Currently available only via direct-sale through distributor Time-Life, The Odd Couple: Season One (1970-71) is such a good show and the extra features so bountiful that fans of this classic sitcom will find it worth the extra hassle ordering their copy. Adapted from Neil Simon's seminal 1965 Broadway play, executive producers/writing partners Garry Marshall and Jerry Belson keep the series remarkably faithful to the spirit of the original production, writing and overseeing scripts that, with an impressively high batting average, can proudly stand alongside its inspiration. And, best of all, right out of the gate stars Jack Klugman (who replaced Walter Matthau on Broadway) and Tony Randall immediately put their own spin on the play's iconic characters. Theirs are among the best performances by any actor in a television comedy.
Divorced, carefree sports writer Oscar Madison (Klugman), an inveterate slob who smokes smelly cigars and whose bedroom looks like New Orleans after Hurricane Katrina, shares his New York apartment with best friend Felix Unger (Randall), a fussy, obsessively fastidious commercial photographer newly separated from his wife. The show's premise, as the obnoxious, network-imposed narrator that opens the show lays bare, asks "Can two divorced men share an apartment without driving each other crazy?" (A nervous ABC was worried prudish viewers would mistakenly assume this was a show about two gay men and, halfway through the first season, ordered the main titles revised to deflect any misunderstanding.)
They may be best of friends, but their opposing personalities drive each to the breaking point. Besides Oscar's incorrigible sloppiness and Felix's Jewish mother, neat-freak single-mindedness, Oscar must contend with Felix's high-brow tastes in opera, London broil and fine wine which likewise clashes with Oscar's penchant for gambling, greasy hot dogs and beer.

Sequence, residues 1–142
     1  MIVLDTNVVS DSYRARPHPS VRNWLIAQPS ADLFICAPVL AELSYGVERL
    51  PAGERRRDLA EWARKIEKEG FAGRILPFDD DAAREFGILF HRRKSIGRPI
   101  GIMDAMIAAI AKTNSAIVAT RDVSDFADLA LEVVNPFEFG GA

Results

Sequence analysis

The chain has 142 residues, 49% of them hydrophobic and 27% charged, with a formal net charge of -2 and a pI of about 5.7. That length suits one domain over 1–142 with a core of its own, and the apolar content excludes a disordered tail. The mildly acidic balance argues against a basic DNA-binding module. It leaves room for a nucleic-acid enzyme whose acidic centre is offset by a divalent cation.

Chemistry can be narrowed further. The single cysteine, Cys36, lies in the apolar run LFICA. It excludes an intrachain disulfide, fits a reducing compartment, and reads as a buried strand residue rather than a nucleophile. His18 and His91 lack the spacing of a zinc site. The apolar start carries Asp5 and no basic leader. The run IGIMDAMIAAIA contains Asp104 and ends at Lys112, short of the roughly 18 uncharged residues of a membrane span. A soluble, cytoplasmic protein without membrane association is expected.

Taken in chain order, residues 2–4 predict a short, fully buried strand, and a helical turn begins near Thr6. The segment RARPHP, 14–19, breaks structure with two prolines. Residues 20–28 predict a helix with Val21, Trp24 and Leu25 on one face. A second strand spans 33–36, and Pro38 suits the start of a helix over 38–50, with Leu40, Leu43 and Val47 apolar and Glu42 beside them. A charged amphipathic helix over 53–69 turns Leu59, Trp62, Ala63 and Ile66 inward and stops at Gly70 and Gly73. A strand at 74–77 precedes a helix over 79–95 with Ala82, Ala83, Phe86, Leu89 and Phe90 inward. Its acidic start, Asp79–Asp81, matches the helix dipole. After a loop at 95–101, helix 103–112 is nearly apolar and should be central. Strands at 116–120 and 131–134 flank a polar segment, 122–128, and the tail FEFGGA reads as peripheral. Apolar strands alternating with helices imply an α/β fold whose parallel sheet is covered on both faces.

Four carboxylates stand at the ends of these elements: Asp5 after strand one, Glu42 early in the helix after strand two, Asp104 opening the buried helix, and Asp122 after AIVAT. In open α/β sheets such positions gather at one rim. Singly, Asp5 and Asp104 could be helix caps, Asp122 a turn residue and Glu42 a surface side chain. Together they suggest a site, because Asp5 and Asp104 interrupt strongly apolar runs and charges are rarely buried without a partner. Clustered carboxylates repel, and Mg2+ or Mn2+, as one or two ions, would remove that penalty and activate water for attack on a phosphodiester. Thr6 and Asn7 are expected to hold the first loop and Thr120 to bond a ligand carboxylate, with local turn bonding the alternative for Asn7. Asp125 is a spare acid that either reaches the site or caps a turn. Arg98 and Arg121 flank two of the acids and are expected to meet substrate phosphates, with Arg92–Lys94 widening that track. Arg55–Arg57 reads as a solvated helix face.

As with the play, first season episodes have Felix and Oscar spending time with almost-girlfriends the Pigeon sisters, Gwendolyn (Monica Evans) and Cecily (Carole Shelley, both carryovers from both the original play and the 1968 movie version), as well as poker night buddies Murray the Cop (Al Molinaro), Vinne (Larry Gelman), Roy (Ryan McDonald), and Speed (Gary Walberg).
Marshall and Belson first shot to prominence as writers on the original Dick Van Dyke Show, for which they penned many of that series' funniest episodes. With several of that program's veterans in tow (including executive story consultant Carl Kleinschmidt and actor-turned-director Jerry Paris), the pair were given the task of adapting two Simon plays for the same TV season: this and Barefoot in the Park, an early all-black sitcom that sadly lasted just half of one season.
In any case The Odd Couple is as good as it is partly because of the Klugman-Randall chemistry, but also because of the careful, funny writing Marshall and Belson brought to the show along with Dale McRaven, Bill Idelson, and others. They work little snippets directly from the play into quite a few early shows: a couple lines here, a throwaway joke there. But their own, new material integrates seamlessly, with lines usually as funny and perceptive as anything in Simon's. Consider Felix's admonishment to Oscar: "You put out your cigarettes in your coffee. Look! There's a little baby log jam in there!" Better still, as the series went on, they shrewdly wrote to Klugman's and especially Randall's style and interpretation of their respective roles.